A lot of attention has been paid recently to the Obama administration’s use of drones in and around Afghanistan and in the “war on terror” in general. According to a recent New York Times article on the subject, more than four hundred drone attacks have killed more than 3,000 people with the majority taking place since 2004; garnering much hostility toward the U.S. around the world. The United States is not the only nation with a drone program. According to the article, more than 50 nations either currently utilize drone technology or are trying to get it.

Interestingly how drones are used parallels another game changing technology. Much like the first biplanes used in World War I, the first use of drone technology was for surveillance. Not too far into the War to End All Wars pilots started carrying pistols to shoot at enemy planes; not long after drone introduction they began to mount some basic weaponry to existing models. First world war aircraft evolved into purpose-built warplanes which prowled the skies; dedicated offensive drone designs began to roll off the assembly line.

Drones are not limited to the air. Military combat robots are beginning to show up on the ground too. Don’t call them drones, they don’t like that. Ground-based drones are called robots. They perform a host of operations from cargo carriers to pulling wounded from the line of fire to full blown combat. I’m not sure we’ll ever get the ED-209 calling out “you have ten seconds to comply,” but the notion is not so far off. Clearly warfare has entered a new era.

The question now is how pervasive will these be on the battlefield of the future? Will we see a scene out of Terminator with shiny silver robots walking around? Will humans even take the field? A number of additional questions must be asked to answer the fundamental question of robot or human.

Will combat robots be completely autonomous or controlled? The “controlled” half of the question is relatively easy to answer. Today most drones are guided by human controllers, but in a modern battle between technological equals, the ability to get control signals to a robotic warrior is suspect. Radio frequencies can be jammed, laser communications blocked, one can never be sure of the ability to continuously control a robot/drone. As such I believe the era of directly controlled robots will come to an end in battles where both sides have capability to intercept or jam control signals. They could still be utilized as they are today where one side has vastly superior technology, but not in a relatively equal battle.

So now that brings us to completely autonomous units. This type of drone/robot will make their way to the battlefield; the allure of a casualty-free war will be too much to resist and the capabilities they bring to aerial combat will make human-piloted fighter aircraft obsolete. The air combat usage of a drone is very straight forward. Pilotless aircraft have a huge advantage in air-to-air combat over aircraft flown by a human being. Aside from the weight saved by not having to support a human, a pilotless aircraft is not limited by the gee capability of its occupant. Even with gee-suits, today’s aircraft are limited to nine gee maneuvers. No such limit exists with combat drones. They would be able to literally run circles around their human-flown counterparts. Additionally, it is relatively easy to distinguish friend from foe in the air and the chance for unintended casualties or actions is low. Autonomous ground-based units are not so easy to deploy. No doubt they will make it to the battlefield, but I also have little doubt that at some point after their introduction a horrible incident reminiscient of the My Lai massacre will take place. Limits will be placed on their mission profiles. Likely the robot warrior of the future will be a hybrid where it can be controlled by a human yet maintain the ability to act autonomously in the event of lost communications, perhaps with a limited subset of available actions.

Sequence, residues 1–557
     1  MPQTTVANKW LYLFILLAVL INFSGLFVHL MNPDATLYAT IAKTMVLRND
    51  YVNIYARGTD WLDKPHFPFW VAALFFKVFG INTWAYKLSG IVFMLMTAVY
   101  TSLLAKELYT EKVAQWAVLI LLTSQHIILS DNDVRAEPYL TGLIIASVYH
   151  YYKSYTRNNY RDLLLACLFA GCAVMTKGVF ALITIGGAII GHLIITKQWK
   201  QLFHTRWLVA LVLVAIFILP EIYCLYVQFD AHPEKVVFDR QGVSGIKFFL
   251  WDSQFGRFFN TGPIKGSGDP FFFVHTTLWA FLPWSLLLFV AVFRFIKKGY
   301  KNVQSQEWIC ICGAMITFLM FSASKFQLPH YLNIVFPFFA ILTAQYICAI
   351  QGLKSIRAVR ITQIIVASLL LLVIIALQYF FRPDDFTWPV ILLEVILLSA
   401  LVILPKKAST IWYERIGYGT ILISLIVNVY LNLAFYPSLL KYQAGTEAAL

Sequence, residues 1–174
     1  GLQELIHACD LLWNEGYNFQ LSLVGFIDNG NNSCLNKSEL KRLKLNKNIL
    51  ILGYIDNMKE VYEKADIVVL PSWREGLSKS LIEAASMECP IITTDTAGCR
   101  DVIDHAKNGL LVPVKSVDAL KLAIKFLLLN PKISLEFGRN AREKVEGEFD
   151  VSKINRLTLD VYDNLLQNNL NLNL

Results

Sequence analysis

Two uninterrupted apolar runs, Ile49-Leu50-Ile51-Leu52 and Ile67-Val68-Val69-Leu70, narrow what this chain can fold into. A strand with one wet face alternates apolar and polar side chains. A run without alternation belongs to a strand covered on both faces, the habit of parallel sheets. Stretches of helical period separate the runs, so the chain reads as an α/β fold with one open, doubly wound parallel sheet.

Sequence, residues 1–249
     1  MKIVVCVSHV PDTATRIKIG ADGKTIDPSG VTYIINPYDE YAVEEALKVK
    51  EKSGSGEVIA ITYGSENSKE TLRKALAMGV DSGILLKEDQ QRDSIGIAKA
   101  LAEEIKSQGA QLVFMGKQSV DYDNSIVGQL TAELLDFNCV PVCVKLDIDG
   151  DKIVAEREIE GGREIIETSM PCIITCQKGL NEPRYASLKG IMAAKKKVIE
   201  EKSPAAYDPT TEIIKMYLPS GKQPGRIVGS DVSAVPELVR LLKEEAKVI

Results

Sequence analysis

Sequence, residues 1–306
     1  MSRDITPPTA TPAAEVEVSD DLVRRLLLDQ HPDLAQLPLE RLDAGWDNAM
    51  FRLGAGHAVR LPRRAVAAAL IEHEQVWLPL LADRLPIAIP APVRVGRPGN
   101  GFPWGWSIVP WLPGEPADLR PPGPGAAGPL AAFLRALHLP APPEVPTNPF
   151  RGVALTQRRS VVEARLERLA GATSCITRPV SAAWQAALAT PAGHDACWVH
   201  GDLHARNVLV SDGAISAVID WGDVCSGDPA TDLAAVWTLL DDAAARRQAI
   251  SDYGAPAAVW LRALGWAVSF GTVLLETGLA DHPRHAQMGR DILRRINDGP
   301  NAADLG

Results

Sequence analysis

So I still haven’t answered the question of human vs. robot. The reason is that the answer is not binary, not an either-or. There will likely be a mixed-force approach. Many years will pass before human ingenuity, adaptiveness and resourcefullness can be programmed into a computer; compassion potentially never. There is value in an army with the firepower and capabilities of robotic vehicles matched with the cognitive abilities of the human soldier.

Lastly I’ll touch on the human psyche component. There have been more than a few science fiction stories written with the notion of robots fighting all the wars of the future. Some have seen robots completely take over while others allude to the diminishing human reticence toward war when the only casualties are machines. It is hard to imagine a military relinquishing full control of a battlefield to unthinking, unfeeling robots. I won’t completely rule out the possibility, but I don’t find it a likely scenario.

So robots or people? The answer is both. Robots already exist on the battlefield and won’t go away and I don’t believe people can ever be completely removed from the equation. There is no substitute for boots on the ground.

Posted by Darren Beyer

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